[The complete version of this essay can be found here.]

If someone asked you what it takes to be born again, what would you say? Is the concept limited to Christianity? What if the person asking is an atheist?

This happened to me. And, frankly, I didn’t know what to say, or what “born again” means, exactly, what it requires.

In my first batch of gospel essays, what I called Book One, I dealt with my ignorance on love, forgiveness, mercy, and compassion; what do these things mean, exactly? They are such simple terms, that I had long forgotten their meaning.

Just so, “born again” is a concept that I had stopped thinking about. My understanding of it fell out of my train of thought, and I had to go back to the source.

Book Two is about that journey. As usual, the answer is simple, but the reason why the answer works is complicated.

The answer is this: Humble yourself before the overwhelming might of the world, accept your insufficient, unarmed weakness, cleanse and purify your thoughts and actions with selflessness, and develop a system of symbols to remind you of goodness, for when badness brings panic and despair; surrender your anger, fear, and doubt; stop fighting battles you cannot win, wars that destroy not only your peace of mind, and sense of well-being, but everyone else who gets caught up in your war; in short, merge your will, surrender it to its rightful place, so that it joins with the will of all things: the will of God.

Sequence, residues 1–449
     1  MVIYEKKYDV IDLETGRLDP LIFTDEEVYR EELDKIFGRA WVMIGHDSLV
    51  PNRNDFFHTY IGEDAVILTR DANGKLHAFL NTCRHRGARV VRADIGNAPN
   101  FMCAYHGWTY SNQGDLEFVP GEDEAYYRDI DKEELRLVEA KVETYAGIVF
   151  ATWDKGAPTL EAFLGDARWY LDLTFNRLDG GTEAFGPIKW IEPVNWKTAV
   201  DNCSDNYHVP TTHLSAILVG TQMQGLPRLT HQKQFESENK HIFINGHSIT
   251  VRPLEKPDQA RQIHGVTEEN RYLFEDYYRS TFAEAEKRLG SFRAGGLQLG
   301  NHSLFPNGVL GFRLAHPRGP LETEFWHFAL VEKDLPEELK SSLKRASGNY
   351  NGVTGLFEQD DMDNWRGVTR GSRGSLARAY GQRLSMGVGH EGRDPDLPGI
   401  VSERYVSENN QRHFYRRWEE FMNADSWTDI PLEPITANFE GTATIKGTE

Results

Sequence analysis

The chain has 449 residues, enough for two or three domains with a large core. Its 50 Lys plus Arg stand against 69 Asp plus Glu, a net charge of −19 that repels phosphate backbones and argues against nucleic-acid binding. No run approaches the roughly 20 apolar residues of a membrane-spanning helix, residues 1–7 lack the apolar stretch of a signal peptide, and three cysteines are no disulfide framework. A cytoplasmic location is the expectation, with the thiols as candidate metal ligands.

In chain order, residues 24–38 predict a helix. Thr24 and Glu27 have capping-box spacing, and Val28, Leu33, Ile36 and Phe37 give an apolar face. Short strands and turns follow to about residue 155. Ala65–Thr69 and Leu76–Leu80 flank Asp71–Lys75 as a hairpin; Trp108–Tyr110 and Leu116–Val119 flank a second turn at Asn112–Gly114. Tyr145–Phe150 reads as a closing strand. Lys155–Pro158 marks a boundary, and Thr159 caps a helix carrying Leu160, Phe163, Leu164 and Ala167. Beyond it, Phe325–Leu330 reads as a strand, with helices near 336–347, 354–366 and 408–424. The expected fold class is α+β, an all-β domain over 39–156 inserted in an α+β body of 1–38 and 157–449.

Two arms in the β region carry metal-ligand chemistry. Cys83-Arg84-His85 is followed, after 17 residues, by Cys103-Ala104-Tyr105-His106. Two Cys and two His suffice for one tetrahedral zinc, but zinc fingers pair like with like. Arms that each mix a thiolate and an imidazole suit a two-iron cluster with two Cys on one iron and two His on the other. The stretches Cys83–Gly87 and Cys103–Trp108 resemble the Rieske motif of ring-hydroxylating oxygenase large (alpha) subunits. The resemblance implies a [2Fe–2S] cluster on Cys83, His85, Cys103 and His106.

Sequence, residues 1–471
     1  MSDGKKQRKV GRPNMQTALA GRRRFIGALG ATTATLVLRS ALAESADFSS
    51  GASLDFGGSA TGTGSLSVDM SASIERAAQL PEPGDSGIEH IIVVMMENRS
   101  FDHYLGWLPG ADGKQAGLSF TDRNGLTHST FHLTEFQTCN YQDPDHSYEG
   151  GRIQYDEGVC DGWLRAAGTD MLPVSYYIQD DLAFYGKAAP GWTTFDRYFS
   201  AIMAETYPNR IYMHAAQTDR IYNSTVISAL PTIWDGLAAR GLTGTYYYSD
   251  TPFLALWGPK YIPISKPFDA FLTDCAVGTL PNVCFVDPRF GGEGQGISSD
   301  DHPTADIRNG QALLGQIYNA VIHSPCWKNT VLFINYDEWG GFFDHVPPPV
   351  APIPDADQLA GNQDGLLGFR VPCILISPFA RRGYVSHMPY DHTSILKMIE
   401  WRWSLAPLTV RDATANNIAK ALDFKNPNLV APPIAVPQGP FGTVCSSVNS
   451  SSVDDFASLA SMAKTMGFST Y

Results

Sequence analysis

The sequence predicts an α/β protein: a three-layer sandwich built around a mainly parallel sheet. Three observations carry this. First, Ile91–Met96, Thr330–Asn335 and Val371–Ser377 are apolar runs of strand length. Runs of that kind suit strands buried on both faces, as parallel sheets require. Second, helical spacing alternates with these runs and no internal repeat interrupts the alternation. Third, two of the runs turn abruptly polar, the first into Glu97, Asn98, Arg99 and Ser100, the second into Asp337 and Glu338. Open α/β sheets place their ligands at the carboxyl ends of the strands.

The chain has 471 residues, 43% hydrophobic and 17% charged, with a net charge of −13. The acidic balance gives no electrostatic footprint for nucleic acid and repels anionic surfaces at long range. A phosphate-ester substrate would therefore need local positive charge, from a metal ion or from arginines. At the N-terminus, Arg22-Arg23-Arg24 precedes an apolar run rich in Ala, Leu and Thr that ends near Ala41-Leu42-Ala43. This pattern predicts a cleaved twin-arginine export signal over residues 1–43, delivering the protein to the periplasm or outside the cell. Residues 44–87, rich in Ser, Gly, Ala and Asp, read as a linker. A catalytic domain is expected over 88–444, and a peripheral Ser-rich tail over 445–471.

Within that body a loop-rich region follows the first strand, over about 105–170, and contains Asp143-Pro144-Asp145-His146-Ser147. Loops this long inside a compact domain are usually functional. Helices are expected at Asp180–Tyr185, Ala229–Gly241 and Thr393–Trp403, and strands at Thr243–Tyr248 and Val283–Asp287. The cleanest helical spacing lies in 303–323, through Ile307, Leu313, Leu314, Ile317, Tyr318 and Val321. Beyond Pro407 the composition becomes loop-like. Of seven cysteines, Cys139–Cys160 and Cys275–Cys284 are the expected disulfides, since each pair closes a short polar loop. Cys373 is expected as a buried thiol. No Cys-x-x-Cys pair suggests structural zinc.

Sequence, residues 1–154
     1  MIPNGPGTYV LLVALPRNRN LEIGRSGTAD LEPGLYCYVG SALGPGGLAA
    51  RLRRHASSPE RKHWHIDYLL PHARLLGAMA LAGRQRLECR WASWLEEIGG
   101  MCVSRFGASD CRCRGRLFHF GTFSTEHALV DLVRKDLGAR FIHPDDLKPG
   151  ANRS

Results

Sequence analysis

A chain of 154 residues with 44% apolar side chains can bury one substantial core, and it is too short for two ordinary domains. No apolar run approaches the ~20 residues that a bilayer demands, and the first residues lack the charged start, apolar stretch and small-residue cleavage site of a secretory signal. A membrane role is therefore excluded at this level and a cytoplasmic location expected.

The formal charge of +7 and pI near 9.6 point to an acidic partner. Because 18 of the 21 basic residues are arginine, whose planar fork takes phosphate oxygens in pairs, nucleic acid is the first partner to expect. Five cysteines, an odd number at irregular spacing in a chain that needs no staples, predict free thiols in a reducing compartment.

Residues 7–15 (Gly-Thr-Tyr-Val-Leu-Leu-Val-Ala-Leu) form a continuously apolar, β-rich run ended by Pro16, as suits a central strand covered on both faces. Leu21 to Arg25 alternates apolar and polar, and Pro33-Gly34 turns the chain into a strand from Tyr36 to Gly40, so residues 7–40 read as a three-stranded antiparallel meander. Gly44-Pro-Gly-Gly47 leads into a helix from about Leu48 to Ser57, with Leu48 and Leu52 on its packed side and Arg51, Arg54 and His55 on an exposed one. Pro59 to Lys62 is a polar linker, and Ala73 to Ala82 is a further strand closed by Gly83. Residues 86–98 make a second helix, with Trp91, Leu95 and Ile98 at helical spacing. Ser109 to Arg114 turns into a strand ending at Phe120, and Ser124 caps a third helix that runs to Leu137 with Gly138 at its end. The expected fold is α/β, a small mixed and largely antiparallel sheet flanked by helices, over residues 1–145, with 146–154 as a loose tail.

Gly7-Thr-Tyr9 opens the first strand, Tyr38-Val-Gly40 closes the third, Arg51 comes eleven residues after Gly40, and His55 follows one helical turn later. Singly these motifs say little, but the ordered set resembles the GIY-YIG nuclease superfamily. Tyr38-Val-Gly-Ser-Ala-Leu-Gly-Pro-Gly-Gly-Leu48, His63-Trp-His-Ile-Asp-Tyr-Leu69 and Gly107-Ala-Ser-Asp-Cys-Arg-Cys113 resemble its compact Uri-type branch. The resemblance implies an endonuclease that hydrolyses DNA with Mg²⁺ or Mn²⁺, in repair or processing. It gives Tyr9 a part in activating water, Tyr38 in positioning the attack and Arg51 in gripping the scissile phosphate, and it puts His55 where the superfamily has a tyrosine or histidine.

Simple, right?

But how does that work? Does the person need to believe in Jesus, that God took on human form, and died for our sins? And what does that mean, to believe in Jesus?

To discover how the answer works, we must return to the well, and drink the water of everlasting life.

“But whosoever drinketh of the water that I shall give him shall never thirst; but the water that I shall give him shall be in him a well of water springing up into everlasting life.”—John 4:14.

The story begins at night, in the darkness of ignorance. The man approaching the light, which is the light of the world, goes by the name of Nicodemus. But his name is your name too, and mine.

All of us hide in darkness.

“For every one that doeth evil hateth the light, neither cometh to the light, lest his deeds should be reproved [or discovered].”—John 3:20.

But the shadows swallow us; the darkness of sin devours our selfishness, our greed, until we become so damaged, so traumatized, that our own will becomes worthless: insufficient to justify our hatred of the light.

When our will is no longer enough to sustain us, we must swallow our pride, as Nicodemus did. We have to bolster our will in order to overcome the world. The only way to do that is to attain the will of all things.

The will of God.

“There was a man of the Pharisees, named Nicodemus, a ruler of the Jews: / The same came to Jesus by night, and said unto him, Rabbi, we know that thou art a teacher come from God: for no man can do these miracles that thou doest, except God be with him.”—John 3:1, 2.